Carbonate or Recarbonate

The following article was first published in the December 2007 issue of the Cement & Concrete Association of New Zealand's (CCANZ) quarterly publication Concrete.


Does Concrete Carbonate or Recarbonate?

An important issue often overlooked in the sustainability debate is the reabsorption of CO2 from the atmosphere by concrete and other cementitious materials during their service life, and secondary life following recycling. Concrete technology ascribes the term ‘carbonation’ to this process. However, the term recarbonation is more accurate.

The carbonation of concrete is the reaction between atmospheric carbon dioxide gas (CO2), a weak acid, and calcium oxide (CaO), an alkaline product of hardened concrete, to form calcium carbonate (CaCO3):

CaO + CO2 = CaCO3

From the cement manufacturer’s perspective, the process can be correctly identified as recarbonation because the final product, calcium carbonate, is chemically the same as one of cement’s primary raw ingredients.

The manufacture of one tonne of cement typically generates approximately 0.85 tonnes of direct CO2 emissions. Some 40% of this is from the fuel used, and around 60% is from the thermal decomposition of calcium carbonate (CaCO3), a process known as calcination. Emissions of CO2 associated with calcium carbonate decomposition are not only distinct in terms of the process that generates them; they are also partly reversible through the recarbonation process1.

The mix design of structural concrete limits any recarbonation to the surface layer, helping to prevent corrosion of embedded steel reinforcement. There is, however, a greater degree of recarbonation at the end of concrete’s structural life when it is typically crushed for reuse as an aggregate. This results from the significant increase in surface area, allowing CO2 to be more readily absorbed, even when used in ground works.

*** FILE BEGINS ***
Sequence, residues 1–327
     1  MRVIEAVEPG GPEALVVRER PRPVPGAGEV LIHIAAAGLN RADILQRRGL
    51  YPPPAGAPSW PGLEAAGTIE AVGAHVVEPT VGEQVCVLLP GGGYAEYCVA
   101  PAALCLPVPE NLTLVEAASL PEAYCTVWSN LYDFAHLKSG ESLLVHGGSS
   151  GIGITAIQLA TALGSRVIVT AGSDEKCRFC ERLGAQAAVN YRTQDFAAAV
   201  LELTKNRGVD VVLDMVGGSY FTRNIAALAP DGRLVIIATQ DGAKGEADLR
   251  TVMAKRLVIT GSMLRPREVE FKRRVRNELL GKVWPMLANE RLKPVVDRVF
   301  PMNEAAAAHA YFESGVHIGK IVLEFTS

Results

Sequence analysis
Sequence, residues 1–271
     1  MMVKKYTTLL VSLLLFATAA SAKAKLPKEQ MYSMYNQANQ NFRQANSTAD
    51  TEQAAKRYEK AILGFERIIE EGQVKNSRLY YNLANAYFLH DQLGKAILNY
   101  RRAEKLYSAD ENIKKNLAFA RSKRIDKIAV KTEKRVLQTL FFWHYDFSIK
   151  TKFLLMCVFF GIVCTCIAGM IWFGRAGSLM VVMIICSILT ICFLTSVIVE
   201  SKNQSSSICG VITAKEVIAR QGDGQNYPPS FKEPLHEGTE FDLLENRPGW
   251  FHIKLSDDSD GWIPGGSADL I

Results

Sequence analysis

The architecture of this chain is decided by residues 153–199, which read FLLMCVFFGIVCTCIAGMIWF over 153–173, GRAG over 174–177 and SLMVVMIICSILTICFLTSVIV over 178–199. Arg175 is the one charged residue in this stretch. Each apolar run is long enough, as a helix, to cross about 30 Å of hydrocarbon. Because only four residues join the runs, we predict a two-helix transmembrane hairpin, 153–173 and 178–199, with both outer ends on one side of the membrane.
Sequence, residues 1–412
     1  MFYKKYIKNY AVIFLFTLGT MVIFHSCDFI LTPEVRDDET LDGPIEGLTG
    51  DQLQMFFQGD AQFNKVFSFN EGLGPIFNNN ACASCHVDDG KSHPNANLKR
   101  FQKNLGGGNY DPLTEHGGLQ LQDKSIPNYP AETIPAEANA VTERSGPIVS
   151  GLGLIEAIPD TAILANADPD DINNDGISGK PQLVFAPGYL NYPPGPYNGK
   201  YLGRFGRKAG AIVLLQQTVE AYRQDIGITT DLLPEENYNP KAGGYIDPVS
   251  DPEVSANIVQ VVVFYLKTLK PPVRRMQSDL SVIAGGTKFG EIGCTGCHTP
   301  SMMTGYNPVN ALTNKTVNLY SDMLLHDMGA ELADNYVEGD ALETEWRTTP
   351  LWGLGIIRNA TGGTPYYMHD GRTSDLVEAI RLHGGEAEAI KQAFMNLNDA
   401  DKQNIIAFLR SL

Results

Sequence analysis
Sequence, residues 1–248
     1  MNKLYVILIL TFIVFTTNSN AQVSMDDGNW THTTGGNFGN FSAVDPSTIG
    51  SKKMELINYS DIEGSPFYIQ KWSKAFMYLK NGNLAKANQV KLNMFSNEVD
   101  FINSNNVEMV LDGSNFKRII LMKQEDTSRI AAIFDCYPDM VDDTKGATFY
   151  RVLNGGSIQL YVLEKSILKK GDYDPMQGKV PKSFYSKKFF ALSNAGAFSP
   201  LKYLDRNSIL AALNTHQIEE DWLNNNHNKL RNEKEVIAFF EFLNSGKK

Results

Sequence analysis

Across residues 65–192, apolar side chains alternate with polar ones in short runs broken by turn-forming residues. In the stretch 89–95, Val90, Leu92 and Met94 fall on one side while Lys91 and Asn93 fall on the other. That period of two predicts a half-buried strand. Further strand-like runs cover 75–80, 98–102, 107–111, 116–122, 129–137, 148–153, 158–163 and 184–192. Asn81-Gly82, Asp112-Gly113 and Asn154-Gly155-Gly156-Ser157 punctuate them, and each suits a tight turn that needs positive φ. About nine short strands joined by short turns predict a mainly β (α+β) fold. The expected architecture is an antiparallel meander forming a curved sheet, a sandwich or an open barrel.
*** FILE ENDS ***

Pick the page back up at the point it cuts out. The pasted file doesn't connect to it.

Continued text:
In low strength concrete such as blocks, and cementitious materials such as mortar, recarbonation is much more rapid during the service life, as CO2 can permeate the material more easily. This does not affect durability because there is no steel reinforcement.

A study by the British Cement Association shows about a 20 per cent take back of CO2 over the life cycle of cement2. In whole life terms it can be argued that this significantly reduces the impact of one tonne of cement to approximately 0.65 tonnes of CO2. This reduction is an average based on the various applications and markets for cement and concrete in the UK, and is an important factor when considering the environmental impact of cementitious materials.

Furthermore, the Norwegian Building Research Institute BYGGFORSK has examined recarbonation in some detail3. As part of their research, the recarbonation of a number of concretes was examined under laboratory conditions. They found that 60 to 80% of the CO2 associated with calcination has the potential to be chemically reabsorbed by concrete mixtures with w/c of 0.6 or higher for the grain size of 1 to 8 mm within 20 to 35 days of exposure.

While the recarbonation process cannot be said to diminish CO2 emissions resulting from cement manufacture (the main contributor to the embodied CO2 in concrete), when viewed in terms of whole life performance it will ultimately reduce its environmental impact. Recarbonation is clearly an important concept, which CCANZ will be promoting as part of its Concrete3 initiative.

References

  1. Clear, C, & De Saulles, T.; BCA Recarbonation Scoping Study; Confidential report by British Cement Association, 2007
  2. Ibid
  3. Danish Technological Institute http://www.dti.dk/14460 [accessed 2007]